OpenAI CEO cautions AI like ChatGPT could cause disinformation, cyber-attacks

Society has a limited amount of time "to figure out how to react" and "regulate" AI, says Sam Altman.
Baba Tamim
OpenAI CEO Sam Altman speaks during a keynote address announcing ChatGPT integration for Bing at Microsoft in Redmond, Washington, on February 7, 2023.
OpenAI CEO Sam Altman speaks during a keynote address announcing ChatGPT integration for Bing at Microsoft in Redmond, Washington, on February 7, 2023.

JASON REDMOND/AFP via Getty Images 

OpenAI CEO Sam Altman has cautioned that his company's artificial intelligence technology, ChatGPT, poses serious risks as it reshapes society.

He emphasized that regulators and society must be involved with the technology, according to an interview telecasted by ABC News on Thursday night. 

"I'm particularly worried that these models could be used for large-scale disinformation," Altman, 37, told ABC News

"Now that they're getting better at writing computer code, [they] could be used for offensive cyber-attacks."

OpenAI released GPT-4, the most recent iteration of its language AI model, less than four months after the initial version debuted, which saw it become the consumer application with the fastest-growing user base in history.

In spite of the risks, the AI engineer claimed ChatGPT might be "the greatest technology humanity has yet developed."

"We've got to be careful here," Altman warned. "I think people should be happy that we are a little bit scared of this," he added optimistically.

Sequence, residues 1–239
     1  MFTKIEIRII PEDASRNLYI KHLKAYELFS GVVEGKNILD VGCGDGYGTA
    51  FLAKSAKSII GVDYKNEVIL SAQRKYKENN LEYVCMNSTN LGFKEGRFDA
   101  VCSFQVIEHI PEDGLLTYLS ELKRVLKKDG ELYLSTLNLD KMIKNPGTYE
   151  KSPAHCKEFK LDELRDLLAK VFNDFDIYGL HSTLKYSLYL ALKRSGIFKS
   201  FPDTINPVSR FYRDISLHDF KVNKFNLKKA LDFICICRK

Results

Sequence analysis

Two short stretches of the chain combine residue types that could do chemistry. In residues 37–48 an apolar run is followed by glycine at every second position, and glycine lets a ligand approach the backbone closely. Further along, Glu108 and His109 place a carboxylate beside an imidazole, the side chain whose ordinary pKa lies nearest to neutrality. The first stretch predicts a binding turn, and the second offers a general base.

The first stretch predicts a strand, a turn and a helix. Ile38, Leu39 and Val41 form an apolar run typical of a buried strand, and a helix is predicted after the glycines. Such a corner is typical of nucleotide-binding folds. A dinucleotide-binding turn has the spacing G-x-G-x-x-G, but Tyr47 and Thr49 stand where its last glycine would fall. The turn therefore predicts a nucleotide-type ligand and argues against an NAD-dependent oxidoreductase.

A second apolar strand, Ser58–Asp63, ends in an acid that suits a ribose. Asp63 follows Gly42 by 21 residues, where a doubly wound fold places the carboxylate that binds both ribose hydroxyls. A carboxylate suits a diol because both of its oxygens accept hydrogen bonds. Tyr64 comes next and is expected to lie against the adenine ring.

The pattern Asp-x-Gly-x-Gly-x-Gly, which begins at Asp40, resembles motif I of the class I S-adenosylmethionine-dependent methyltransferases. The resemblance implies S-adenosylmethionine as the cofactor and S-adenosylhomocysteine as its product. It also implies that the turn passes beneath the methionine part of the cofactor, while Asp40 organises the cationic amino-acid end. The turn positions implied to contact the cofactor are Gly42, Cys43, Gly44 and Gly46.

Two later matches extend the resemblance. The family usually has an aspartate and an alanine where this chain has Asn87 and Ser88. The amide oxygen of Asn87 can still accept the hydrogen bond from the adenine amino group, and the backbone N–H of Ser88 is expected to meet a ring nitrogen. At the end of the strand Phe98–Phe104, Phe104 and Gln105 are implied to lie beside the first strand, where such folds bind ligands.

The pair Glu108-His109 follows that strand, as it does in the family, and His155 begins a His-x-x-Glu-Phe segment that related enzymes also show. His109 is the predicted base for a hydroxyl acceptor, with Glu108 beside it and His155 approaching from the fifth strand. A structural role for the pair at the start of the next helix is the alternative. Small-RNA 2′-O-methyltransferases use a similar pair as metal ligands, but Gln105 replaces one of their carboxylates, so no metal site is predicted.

Altman, while referring to ChatGPT-4, said that even though the latest version was "not perfect," it had achieved 90% on US bar examinations and an almost perfect score on the SAT math test for high school students.

He added that it could also create computer code in the majority of programming languages.

AI regulations a must before its late 

Concerns about AI technology replacing people are widespread. According to a recent study documented by Interesting Engineering, ChatGPT has been implemented by more than half of American businesses.

Approximately half of these companies revealed that ChatGPT had already replaced a lot of their personnel, as per the survey conducted by with 1000 business leaders. 

Yet Altman emphasizes that AI can only function with human guidance or input. He is more concerned with the people who will be in charge of the technology than with the technology itself.

"It waits for someone to give it an input," he said during the ABC interview. "This is a tool that is very much in human control." 

There will be those who disregard some of the safety restrictions we impose. "Society, I think, has a limited amount of time to figure out how to react to that, how to regulate that, how to handle it," he added. 

Elon Musk, the CEO of Tesla, has often warned that AI is more hazardous than a nuclear weapon. Musk was also one of the initial investors in OpenAI while it was still a non-profit organization.

"Compared to AI, progress with Neuralink will be slow and easy to assess, as there is large regulatory apparatus approving medical devices," Musk tweeted in December.